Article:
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Author Topic: System or no system? If system, what system, why system, and how to system?  (Read 6561 times)


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So, I've come up with an idea recently. I want to make a sort of multiplayer, tabletop "roguelike" that I plan on hosting here or some other place. The idea is, you're all conciousnesses trapped in an endless loop, and each of you enter your own dungeons, hidden from one another (Although there are some spells, potions and scenarios that allow you to enter the dungeons of other players.) the "IC" is what's OOC in most games. You'll encounter certain repeating themes and puzzles, which you may choose to help other players out with based on your experiences. You have to beat the dungeon (Descend X-number of floors in one go) to escape the loop.

Because of this aspect, I really, really want it to be a gamey game and not freeform, because not only will I probably run dry having to do all this myself based on fiat and "Yeah, I reckon ya could climb that!", but a lot of mechanics I'd like to implement involve things that are best implemented in strict mechanics and with numbers, I.E. finding out about who you were in a past life during questlines and such will give you a distinct advantage over the course of the game, (Being able to keep an item after death, finding loot you used to have, one permanent increase of your aspects, etc.) at the expense of a permanent, but perhaps less severe debuff. (You gain a personality flaw you had once, it takes a toll on your sanity, you may trigger Alien Hand Syndrome after critically failed rolls, etc.)

I want a lot of monsters to be something hard or costly enough that you want to avoid, outsmart, outmaneuver, or work around them, but not something that's blatantly impossible if you do decide to brute force it, and to be able to allow some playstyles that have gathered up the means over a suitable period of time to take them on and be rewarded for their dungeon crawling. Combat should be sustainable under the right circumstances, but the ability to battle with foes has to be earned, and being able to get the drop on something or avoid conflict altogether should be a reliable and much safer solution. I'd like combat to play a part, but be an occurrence you're excited or anxious about. The problem, I guess, would be making new character sheets after every death.

I'd like to randomly generate the structure (Not necessarily the content) of each floor with Donjon's thingymabobber, or another map generator, because this is a roguelike of sorts. Players can find maps in containers to tell where they are and what they haven't explored, and they'll also get a copy of the map with a log summarizing what they did every time they go down a floor.

To make character sheets quick and the game easier to get back into, I was thinking of dividing characters into two parts. One being who they are in the game's in-game: Starting new dungeons with a class system, like Nethack. These classes will have pre-made stats, and ideally it won't be impossible to tweak and manage your playstyle as the game progresses, but you would select certain classes for certain things as the game progresses. There would be different kinds of fighters, different kinds of investigators, and things built for the purpose of "I'd like to stockpile good loot so I can access it in a future life should I rediscover it." or "I'd like to fight the things so I can figure out the puzzles" or "I'd prefer to have more cerebral skills so I can investigate and learn important things for the next game". Players would also be able to create their own classes based on their wants and needs because... I'm not exactly the Romero Bros.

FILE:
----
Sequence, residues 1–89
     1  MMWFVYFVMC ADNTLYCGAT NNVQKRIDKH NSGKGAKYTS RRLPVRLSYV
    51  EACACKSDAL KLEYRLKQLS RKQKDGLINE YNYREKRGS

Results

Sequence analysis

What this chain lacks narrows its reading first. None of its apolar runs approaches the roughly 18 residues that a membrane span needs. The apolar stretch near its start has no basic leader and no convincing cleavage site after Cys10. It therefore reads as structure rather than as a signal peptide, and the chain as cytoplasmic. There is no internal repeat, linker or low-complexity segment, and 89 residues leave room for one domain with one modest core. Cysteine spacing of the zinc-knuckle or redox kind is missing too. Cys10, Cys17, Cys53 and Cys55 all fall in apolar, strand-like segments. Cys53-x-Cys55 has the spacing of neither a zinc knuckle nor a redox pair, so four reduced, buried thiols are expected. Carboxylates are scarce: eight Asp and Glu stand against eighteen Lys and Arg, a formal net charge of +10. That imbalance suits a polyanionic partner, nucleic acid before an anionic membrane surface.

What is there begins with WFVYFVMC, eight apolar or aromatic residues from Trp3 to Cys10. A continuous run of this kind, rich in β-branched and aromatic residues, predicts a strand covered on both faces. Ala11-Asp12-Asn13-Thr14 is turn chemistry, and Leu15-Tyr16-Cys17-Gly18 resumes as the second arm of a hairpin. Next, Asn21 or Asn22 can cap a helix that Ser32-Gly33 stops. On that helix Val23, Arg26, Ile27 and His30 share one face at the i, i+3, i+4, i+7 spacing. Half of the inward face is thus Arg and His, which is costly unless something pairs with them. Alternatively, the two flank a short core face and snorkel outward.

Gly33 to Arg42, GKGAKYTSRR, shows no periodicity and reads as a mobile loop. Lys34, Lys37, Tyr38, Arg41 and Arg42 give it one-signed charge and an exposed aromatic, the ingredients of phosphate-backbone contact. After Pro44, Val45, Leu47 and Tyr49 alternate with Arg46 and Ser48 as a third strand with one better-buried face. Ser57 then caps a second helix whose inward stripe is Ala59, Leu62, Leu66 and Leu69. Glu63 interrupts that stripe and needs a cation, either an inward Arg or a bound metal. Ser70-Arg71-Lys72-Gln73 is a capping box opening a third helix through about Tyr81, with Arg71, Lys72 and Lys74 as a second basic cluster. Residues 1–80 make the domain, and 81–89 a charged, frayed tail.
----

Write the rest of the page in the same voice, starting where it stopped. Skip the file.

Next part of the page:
And the other being who the consciousnesses are, that they'll be rediscovering: Everybody submits a character with personality traits and flaws and a history, and they will be randomly assigned to other characters. Certain things in the game will be a Silent-Hill-reflection of aspects of the character that the consciousness is/was in the life they were in before they got trapped in the game.

I think that'd all be pretty fun, but I also play MDickie games, so fun is a foggy concept. My questions are as follows...

Am I doing something wrong/tedious from a game design standpoint?

Are there any tabletop systems that would facilitate this very well?... Or at all? I'm considering Call of Cthulhu since I'm somewhat familiar with it and I've been reading some of it recently. I've heard plenty of good things and bad things about Cthulhu, but I'm more than open to suggestions at this conceptual phase.

Does this seem at all interesting?
« Last Edit: August 31, 2016, 11:23:52 pm by Arthesul »
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Re: System or no system? If system, what system, why system, and how to system?
« Reply #1 on: September 01, 2016, 11:38:24 am »

As far as systems go, if you want detail and the accompanying workload, then any d20 variant would work. If you want easy fun with a light touch on the rules, then QAGS is what you are looking for.

Sample QAGS Characters
« Last Edit: September 01, 2016, 03:42:50 pm by BerkaZerka »


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Re: System or no system? If system, what system, why system, and how to system?
« Reply #2 on: September 02, 2016, 03:31:38 am »

Cool idea!
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